An unlikely link between Karnataka’s Basavaraj Bommai, Siddaramaiah
Bengaluru: Unlike BS Yediyurappa, who worked for more than 40 years to build the BJP in Karnataka, Basavaraj Bommai, joined the saffron party in 2008. Bommai who comes from the Janata Dal (United), is the second politician in the last two decades to have migrated from the Janata Party and get the chief ministerial post in the new party. Siddaramaiah, who migrated to Congress from Janata Dal (Secular) in 2006, went to become the chief minister after the Congress party swept the election in 2013.
Son of former chief minister SR Bommai, Basavaraj started his political career with the Janata Dal and worked with senior leaders including HD Deve Gowda and Ramakrishna Hegde. Bommai was a strong leader from the Janata Parivar. Bommai Junior left the Janata Dal (United) and joined the BJP in February 2008.
According to politicians and analysis in the state, the disintegration of the Janata Party into insignificant factions and the Gowda family dominating the only prominent faction, the JD(S); several leaders migrated to other parties.
“The most important thing to understand is that Janata Party came as an opposition to the Congress and because of this, several leaders rooted among the people came to the forefront. The work at the grassroots levels in the state made them strong leaders. Many of the big leaders like HD Deve Gowda, SR Bommai and Ramakrishna Hegde came from the Janata background. But the Janata Party also produced junior leaders who are coming to prominence now,” said senior Congress leader, who didn’t want to be named.
He said that the leaders with the Janata Party backgrounds are the backbone of both the Congress and the BJP. “If you look at the assembly, you will see who are strongly defending their parties. In the Congress Siddaramaiah, RV Deshpande and even someone young like Krishna Byre Gowda, are all from the Janata Parivar. If you look at BJP also the strong leaders like Bommai, (JC) Madhuswamy and V Somanna, they are all from the Janata Parivar,” he said.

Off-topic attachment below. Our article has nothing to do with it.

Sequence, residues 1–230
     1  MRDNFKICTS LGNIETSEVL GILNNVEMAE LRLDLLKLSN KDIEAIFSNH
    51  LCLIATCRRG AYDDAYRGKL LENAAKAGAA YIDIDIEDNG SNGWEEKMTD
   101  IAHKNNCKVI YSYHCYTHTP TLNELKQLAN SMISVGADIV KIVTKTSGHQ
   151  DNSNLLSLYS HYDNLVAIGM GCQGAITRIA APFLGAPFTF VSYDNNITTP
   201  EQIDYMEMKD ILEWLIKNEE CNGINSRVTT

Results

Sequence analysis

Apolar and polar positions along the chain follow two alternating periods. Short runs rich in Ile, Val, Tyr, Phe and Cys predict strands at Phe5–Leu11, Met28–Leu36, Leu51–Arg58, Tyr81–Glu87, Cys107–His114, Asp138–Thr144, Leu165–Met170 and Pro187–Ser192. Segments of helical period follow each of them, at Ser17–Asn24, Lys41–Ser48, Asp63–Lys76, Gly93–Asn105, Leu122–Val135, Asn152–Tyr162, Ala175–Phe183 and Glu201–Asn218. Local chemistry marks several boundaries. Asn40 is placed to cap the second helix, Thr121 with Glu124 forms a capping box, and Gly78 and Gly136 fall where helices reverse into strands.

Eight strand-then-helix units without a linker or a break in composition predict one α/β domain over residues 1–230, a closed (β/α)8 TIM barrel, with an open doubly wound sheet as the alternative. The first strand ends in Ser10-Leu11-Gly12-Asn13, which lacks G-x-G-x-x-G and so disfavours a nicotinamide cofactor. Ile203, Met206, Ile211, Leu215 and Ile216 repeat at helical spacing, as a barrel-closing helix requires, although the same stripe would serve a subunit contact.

A Narayana, a political analysist and faculty at the Azim Premji University said that it is important to understand why good leaders emerged from the erstwhile Janata Party. “People with a liberal and progressive approach are against the BJP , a similar situation prevailed against the Congress in the 1970s. At that time, those who were well-read and progressive stood against the Congress party, this resulted in the Janata Party became an incubator for good leaders,” said Narayana.
Even though Bommai and Siddaramaiah come from the Janata Parivar, they can’t be compared or be judged on the same platform, said another Head of Department of Political Science in a prominent institute in Bengaluru, who didn’t want to be named. “Their ideologies are certainly different now, so it is not fair to put them in the same bracket now. However, because of their background in Janata Party, they are certainly less communal. Even within the BJP, leaders who have come from the Janata Party or for that matter someone like Yediyurappa, who is a farmer leader, is way less communal in their politics compared to the RSS faction of the BJP,” said the professor.